The Nematode Worm
• Small size
• Short generation time of 3 days
• Each female can produce
• Easy to culture in laboratory
• Simple body plan
reproduces in soil
• Capable of self-fertilization or
Amount of DNA:
Number of genes:
Percentage of genes in
common with humans:
Average gene size:
5 pairs of autosomes
plus 2 X chromosomes
in females (hermaphrodites) or 1 X chromosome in males
103 million base pairs
5000 base pairs
CONTRIBUTIONS TO GENETICS
• Genetics of development
• Genetic control of behavior
• Apoptosis (programmed cell death)
10.25 The worm Caenorhabditis elegans is a model genetic organism. [Micrograph: courtesy of
William Goodyer and Monique Zetka.]
facilitates genomic analysis. The availability of the complete
genome sequence provides a great deal of information about
gene structure, function, and organization in this species.
Chemical mutagens are routinely used to generate
mutations in C. elegans, which are easy to identify and isolate. The ability of hermaphrodites to self-fertilize means
that progeny homozygous for recessive mutations can be
obtained in a single generation; the existence of males means
that genetic crosses can be carried out.
Developmental studies are facilitated by the transparent
body of the worms. As mentioned earlier, C. elegans has a
small and exact number of somatic cells. Researchers
studying the development of C. elegans have meticulously
mapped the entire cell lineage of the species, and so the
From DNA to Proteins: Transcription and RNA Processing
10.26 The developmental history of every cell in adult C. elegans has been determined.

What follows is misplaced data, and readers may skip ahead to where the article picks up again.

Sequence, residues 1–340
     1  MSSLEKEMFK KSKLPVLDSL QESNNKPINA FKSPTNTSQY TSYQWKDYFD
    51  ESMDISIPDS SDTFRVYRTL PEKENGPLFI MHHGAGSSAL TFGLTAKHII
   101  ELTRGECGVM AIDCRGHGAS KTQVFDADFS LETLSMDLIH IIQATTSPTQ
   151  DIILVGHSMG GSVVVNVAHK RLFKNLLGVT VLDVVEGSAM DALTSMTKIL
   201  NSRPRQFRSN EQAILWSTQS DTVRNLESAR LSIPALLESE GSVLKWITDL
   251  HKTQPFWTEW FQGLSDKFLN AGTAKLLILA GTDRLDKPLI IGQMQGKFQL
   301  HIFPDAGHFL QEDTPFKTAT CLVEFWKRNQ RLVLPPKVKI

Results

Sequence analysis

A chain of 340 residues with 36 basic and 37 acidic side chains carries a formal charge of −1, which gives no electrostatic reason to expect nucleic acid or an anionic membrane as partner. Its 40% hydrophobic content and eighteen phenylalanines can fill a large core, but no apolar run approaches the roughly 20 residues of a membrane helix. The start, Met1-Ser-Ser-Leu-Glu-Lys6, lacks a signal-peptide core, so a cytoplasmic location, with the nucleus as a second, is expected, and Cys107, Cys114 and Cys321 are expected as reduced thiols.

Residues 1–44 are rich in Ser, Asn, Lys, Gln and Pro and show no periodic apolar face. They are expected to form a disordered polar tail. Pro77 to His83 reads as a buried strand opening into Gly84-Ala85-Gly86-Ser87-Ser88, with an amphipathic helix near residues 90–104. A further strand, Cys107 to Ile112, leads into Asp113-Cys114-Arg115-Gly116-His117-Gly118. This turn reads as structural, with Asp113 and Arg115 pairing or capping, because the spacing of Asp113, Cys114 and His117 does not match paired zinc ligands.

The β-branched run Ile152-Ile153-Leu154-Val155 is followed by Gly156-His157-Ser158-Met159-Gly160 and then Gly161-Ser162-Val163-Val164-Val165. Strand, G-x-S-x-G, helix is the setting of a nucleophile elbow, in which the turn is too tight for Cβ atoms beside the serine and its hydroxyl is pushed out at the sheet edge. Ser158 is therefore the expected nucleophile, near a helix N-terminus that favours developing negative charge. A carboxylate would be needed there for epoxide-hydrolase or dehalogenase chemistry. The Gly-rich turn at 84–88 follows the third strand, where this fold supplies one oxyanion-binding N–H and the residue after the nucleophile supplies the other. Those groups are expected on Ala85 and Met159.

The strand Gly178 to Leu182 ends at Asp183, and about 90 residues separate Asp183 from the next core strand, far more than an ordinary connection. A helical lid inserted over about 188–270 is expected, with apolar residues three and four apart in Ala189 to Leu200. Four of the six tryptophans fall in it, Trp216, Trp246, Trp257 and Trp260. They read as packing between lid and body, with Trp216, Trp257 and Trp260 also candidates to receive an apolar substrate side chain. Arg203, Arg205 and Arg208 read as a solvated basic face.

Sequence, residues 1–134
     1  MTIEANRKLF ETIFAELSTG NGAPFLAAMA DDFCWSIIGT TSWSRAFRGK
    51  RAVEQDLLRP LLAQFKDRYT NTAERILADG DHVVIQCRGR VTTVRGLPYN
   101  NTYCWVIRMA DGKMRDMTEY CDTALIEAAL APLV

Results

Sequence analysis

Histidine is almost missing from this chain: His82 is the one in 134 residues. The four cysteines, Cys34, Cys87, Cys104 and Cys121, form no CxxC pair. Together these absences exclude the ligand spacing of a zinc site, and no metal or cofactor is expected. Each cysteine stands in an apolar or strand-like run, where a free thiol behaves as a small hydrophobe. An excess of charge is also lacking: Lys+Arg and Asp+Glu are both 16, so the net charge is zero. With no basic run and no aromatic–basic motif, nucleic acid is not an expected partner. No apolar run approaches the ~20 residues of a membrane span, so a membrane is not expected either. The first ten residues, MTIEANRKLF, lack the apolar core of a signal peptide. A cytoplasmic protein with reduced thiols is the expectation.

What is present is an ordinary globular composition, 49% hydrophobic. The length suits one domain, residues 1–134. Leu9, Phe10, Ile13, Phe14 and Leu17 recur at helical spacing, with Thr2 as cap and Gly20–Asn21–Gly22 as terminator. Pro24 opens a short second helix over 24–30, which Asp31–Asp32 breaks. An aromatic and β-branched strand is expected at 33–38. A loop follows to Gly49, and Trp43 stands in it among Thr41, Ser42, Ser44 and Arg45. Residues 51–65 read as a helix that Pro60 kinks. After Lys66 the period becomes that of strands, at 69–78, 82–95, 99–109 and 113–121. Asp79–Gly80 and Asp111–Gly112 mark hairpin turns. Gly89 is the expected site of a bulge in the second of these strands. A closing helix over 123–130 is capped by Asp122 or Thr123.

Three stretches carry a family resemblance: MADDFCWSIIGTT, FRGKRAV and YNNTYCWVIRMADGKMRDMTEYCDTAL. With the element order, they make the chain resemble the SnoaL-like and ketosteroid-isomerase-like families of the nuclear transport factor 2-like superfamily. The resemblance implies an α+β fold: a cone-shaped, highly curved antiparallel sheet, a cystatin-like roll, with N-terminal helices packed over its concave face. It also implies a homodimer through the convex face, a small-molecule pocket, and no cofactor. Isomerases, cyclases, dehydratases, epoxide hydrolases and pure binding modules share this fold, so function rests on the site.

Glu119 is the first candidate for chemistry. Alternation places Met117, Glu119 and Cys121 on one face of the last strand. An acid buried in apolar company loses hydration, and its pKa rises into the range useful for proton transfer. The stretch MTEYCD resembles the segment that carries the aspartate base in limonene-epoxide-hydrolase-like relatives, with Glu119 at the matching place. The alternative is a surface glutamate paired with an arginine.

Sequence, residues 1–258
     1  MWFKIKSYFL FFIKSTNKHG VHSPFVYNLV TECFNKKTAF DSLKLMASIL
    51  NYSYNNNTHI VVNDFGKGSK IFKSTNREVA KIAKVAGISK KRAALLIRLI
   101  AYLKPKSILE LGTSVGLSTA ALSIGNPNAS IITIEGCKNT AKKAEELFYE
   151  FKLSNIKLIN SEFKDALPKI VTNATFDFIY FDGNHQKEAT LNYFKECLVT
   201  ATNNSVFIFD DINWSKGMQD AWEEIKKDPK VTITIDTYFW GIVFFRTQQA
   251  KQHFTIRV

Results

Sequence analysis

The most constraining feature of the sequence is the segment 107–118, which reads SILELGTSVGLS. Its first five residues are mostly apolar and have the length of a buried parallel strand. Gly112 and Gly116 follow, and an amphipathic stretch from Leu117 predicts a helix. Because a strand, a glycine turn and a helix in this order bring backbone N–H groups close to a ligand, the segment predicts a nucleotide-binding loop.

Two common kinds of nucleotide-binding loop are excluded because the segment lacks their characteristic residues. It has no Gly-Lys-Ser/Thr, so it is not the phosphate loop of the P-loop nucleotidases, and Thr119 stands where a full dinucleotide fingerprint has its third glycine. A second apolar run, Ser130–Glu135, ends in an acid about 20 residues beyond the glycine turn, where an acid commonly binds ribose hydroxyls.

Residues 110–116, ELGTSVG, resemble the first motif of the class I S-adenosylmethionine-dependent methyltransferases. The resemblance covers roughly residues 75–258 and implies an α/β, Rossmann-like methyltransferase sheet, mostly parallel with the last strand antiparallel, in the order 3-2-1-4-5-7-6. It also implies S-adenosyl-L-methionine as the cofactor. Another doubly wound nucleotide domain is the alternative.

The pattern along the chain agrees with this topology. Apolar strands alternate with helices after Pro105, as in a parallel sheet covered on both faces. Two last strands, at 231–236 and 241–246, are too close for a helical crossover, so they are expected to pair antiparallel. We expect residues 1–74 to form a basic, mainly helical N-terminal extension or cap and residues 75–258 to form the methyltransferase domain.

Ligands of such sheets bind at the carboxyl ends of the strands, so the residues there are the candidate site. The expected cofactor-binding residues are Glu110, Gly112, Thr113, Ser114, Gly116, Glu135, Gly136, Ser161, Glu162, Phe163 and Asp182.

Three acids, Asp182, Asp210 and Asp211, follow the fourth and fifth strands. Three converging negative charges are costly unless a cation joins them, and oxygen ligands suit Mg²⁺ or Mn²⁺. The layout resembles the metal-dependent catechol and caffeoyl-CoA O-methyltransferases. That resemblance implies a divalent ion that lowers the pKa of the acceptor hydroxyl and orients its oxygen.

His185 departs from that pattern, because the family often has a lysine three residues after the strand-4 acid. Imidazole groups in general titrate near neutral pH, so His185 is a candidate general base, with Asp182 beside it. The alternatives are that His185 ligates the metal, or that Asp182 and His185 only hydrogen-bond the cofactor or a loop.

Shown here are the divisions that lead to adult cells in C. elegans.
developmental fate of every cell in the adult body can be
traced back to the original single-celled fertilized egg (Figure
10.26). Developmental biologists often use lasers to destroy
(ablate) specific cells in a developing worm and then study
the effects on physiology, development, and behavior.
RNA interference has proved to be an effective tool for
turning off genes in C. elegans. Geneticists inject doublestranded copies of RNA that is complementary to specific
genes; the double-stranded RNA then silences the expression
of these genes through the RNAi process. The worms can
even be fed bacteria that have been genetically engineered to
express the double-stranded RNA, thus avoiding the difficulties of microinjection.
Transgenic worms can be produced by injecting DNA
into the ovary, where the DNA becomes incorporated into
the oocytes. Geneticists have created a special reporter gene
that produces the jellyfish green fluorescent protein (GFP).
When this reporter gene is injected into the ovary and
becomes inserted into the worm genome, its expression produces GFP, which fluoresces green, allowing the expression
of the gene to be easily observed (Figure 10.27).
10.27 A sequence for the green fluorescent protein (GFP)
has been used to visually determine the expression of genes
inserted into C. elegans (lower photograph). The gene for GFP is
injected into the ovary of a worm and becomes incorporated into the
worm genome. The expression of this transgene produces GFP, which
fluoresces green (upper photograph). [Huaqi Jiang, Rong Guo, and Jo
Anne Powell-Coffman, The Caenorhabditis elegans hif-1 gene encodes a
bHLH-PAS protein that is required for adaptation to hypoxia. PNAS
98:7916–7921, 2001. © 2001 National Academy of Sciences, U.S.A.]
• RNA is a polymer, consisting of nucleotides joined together by
phosphodiester bonds. Each RNA nucleotide consists of a
ribose sugar, a phosphate, and a base. RNA contains the base
uracil and is usually single stranded.
Cells possess a number of different classes of RNA. Ribosomal
RNA is a component of the ribosome, messenger RNA carries